Home > Uncategorized > Hokitika to Queenstown (Day Two)

Hokitika to Queenstown (Day Two)

February 21, 2010

Sleep that night was fine. It was my first time ever sleeping outside on the ground, as well as camping (crazy, right?!) I woke up refreshed and feeling great. In fact, even the cold that I had previously was starting to fade!

It was then that we discovered that our tent roof was covered with dew, both on the inside and the outside. While it didn’t drip on us at all, this did hinder our ability to dry it out, since we wanted to pack up quickly and take off. We didn’t turn the tent inside-out, which would have been incredibly intelligent. Instead, we just rolled it up, leaving it completely soaked for that night, and leaving us without a dry place to sleep.

We woke up, ate some more peanut butter bread, and set out. We had a lot of driving ahead of us that day (at least 9 hours), so we needed to get started early. We made our way down the coast, stopping a few times along the way to take some excellent pictures. One of my favorite pictures (above) was early in the morning. We were down in a valley with mountains up ahead and fog in the distance, and it made it look almost like Jurassic Park. It was epic.

We also made a stop at the Franz Josef Glacier, one of the biggest glaciers in New Zealand. The town of Franz Josef itself had Monteith’s Brewery, an excellent brewery where we bought a pack of Summer Ale for the rest of our camping.

The glacier itself was awesome. It’s weird to think that these giant blocks of ice a) have been around for tens of thousands of years or more and b) still stick around through blistering hot summers. They’re THAT thick. Walking up to it took much longer than you’d think, because it looked so close even though it was quite far away. It didn’t seem to get much closer as you walked, either, because it was so
big and so distant. (Ok, it wasn’t that far, but it felt like it). Lena even grabbed a piece of glacier ice that was floating in the water. It was weird having such a big piece of ice in the middle of summer.

After leaving the glacier, we continued through a few other small (read: Population 24) towns, but mostly were out in the middle of the mountains. (“Warning! Last gas for 70 km!”). It was really nice to be out there with almost no one around, but a little nerve-wracking too. If you were to crash, there was no one around to come to your aid, and no cell phone reception for tens of miles.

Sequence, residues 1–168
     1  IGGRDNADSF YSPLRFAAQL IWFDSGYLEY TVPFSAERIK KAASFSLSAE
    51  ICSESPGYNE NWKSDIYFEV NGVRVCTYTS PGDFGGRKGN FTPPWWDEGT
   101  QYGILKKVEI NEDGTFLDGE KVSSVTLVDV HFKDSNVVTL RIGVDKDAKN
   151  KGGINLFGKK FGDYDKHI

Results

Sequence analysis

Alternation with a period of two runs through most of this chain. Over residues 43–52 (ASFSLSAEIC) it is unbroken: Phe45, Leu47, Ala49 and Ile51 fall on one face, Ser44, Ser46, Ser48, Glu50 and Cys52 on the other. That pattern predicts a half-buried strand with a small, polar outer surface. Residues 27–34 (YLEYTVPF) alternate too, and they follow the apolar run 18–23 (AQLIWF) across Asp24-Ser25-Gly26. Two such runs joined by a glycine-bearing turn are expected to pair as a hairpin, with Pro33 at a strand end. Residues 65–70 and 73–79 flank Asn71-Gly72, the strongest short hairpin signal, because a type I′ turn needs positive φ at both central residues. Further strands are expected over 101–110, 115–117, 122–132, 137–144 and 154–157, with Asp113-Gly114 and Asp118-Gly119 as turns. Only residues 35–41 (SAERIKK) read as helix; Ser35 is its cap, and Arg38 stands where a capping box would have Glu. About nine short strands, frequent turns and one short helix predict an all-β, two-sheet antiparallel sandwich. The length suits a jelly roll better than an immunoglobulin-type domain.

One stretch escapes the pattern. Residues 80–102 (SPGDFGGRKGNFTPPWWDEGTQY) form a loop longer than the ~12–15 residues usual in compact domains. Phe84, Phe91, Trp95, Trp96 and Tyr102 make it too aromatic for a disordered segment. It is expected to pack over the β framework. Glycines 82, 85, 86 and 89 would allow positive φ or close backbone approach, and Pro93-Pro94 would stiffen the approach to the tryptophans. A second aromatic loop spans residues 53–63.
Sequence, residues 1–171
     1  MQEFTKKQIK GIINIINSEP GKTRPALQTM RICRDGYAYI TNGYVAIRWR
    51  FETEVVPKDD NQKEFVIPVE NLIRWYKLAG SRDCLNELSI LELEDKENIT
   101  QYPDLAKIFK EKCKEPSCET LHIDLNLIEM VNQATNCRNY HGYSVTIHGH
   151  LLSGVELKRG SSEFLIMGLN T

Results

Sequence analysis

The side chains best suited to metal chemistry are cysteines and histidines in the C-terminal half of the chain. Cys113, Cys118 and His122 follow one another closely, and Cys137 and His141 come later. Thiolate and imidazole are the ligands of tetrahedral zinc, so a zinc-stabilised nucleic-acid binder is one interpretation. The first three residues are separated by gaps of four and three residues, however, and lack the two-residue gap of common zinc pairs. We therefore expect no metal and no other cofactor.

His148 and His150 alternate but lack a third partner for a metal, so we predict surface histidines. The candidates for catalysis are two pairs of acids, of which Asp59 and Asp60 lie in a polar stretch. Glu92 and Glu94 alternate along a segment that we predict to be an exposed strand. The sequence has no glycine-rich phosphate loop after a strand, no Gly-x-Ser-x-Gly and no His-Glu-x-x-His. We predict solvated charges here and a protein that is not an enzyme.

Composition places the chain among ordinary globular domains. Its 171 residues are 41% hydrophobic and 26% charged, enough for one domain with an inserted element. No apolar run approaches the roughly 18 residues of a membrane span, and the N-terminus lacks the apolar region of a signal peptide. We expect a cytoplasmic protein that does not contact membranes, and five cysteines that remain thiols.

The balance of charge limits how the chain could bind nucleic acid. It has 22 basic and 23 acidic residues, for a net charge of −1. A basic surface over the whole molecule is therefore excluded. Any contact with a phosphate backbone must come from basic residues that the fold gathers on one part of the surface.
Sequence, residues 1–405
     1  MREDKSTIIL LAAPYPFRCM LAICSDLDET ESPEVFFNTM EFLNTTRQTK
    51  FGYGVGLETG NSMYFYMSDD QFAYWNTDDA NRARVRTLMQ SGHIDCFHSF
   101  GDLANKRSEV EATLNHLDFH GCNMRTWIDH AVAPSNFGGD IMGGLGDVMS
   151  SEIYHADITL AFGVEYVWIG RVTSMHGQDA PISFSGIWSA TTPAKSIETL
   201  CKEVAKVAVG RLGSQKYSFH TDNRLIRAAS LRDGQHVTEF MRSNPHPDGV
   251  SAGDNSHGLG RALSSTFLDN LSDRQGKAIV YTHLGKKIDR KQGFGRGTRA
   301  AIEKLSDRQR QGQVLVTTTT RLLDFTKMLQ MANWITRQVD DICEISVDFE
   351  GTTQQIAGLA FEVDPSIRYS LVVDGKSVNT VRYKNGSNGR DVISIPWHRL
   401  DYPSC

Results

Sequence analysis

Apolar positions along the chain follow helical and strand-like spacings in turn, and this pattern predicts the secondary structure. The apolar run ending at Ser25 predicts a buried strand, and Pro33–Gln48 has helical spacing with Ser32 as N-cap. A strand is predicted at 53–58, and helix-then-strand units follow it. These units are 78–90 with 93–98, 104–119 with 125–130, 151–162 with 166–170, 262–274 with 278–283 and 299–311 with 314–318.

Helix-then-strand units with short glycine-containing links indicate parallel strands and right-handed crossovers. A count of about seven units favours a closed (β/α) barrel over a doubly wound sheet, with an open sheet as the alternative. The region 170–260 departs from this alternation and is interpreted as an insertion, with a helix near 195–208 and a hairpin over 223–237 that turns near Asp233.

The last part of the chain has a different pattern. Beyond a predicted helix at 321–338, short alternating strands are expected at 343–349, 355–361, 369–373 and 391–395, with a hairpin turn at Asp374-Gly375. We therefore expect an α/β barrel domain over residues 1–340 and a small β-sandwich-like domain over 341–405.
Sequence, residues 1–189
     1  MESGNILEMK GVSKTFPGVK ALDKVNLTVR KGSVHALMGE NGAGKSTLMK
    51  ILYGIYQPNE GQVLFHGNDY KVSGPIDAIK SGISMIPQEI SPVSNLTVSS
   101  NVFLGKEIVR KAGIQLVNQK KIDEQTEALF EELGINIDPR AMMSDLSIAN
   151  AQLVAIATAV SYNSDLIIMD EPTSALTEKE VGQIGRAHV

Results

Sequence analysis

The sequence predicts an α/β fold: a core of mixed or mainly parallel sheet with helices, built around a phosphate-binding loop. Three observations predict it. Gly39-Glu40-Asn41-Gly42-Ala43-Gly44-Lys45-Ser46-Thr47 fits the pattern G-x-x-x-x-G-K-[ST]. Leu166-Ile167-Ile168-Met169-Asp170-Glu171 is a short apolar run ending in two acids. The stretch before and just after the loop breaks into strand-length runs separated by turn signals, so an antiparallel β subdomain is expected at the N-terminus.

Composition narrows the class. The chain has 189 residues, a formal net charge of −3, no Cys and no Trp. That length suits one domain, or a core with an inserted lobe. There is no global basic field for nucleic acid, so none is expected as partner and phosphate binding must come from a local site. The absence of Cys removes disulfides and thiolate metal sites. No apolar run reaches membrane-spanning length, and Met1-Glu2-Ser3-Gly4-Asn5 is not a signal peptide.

We passed a beautiful, rich blue lake on the way to Queenstown. Every body of water in New Zealand seems to have a different color of blue to it. Some of the bays are electric blue, the lakes are a mixture of deep blue and just general blue, the glacier pools are silty grey, they oceans are Caribbean aquamarine, and we even saw a pool that was red because of the plants growing in it (stay tuned for that later on).

We made it in to Queenstown and started looking for a place to eat. We wanted to grab something quick (and weren’t about to rely on peanut butter bread for the fifth meal in a row). We found a restaurant that, although it was a bit fancier than we first though, had delicious, reasonably priced seafood chowder. Instead of the clam, lobster, and shrimp seafood chowder we’re used to back in the States, this had squid, octopus, prawn, mussels, and more. It was very tasty.

We made our way to Moke Lake, about 5 minutes on the main road and another 20 on a gravel road out of Queenstown. We attempted to set up tent, but, finding out rent to be soaking wet on the inside, opted to sleep in the car instead.

PS: I finally got Flickr to work, though it takes forever to upload. I’ve uploaded the first two days worth of pictures from the trip. I’ve included a slideshow below, as well as a link to the full album.
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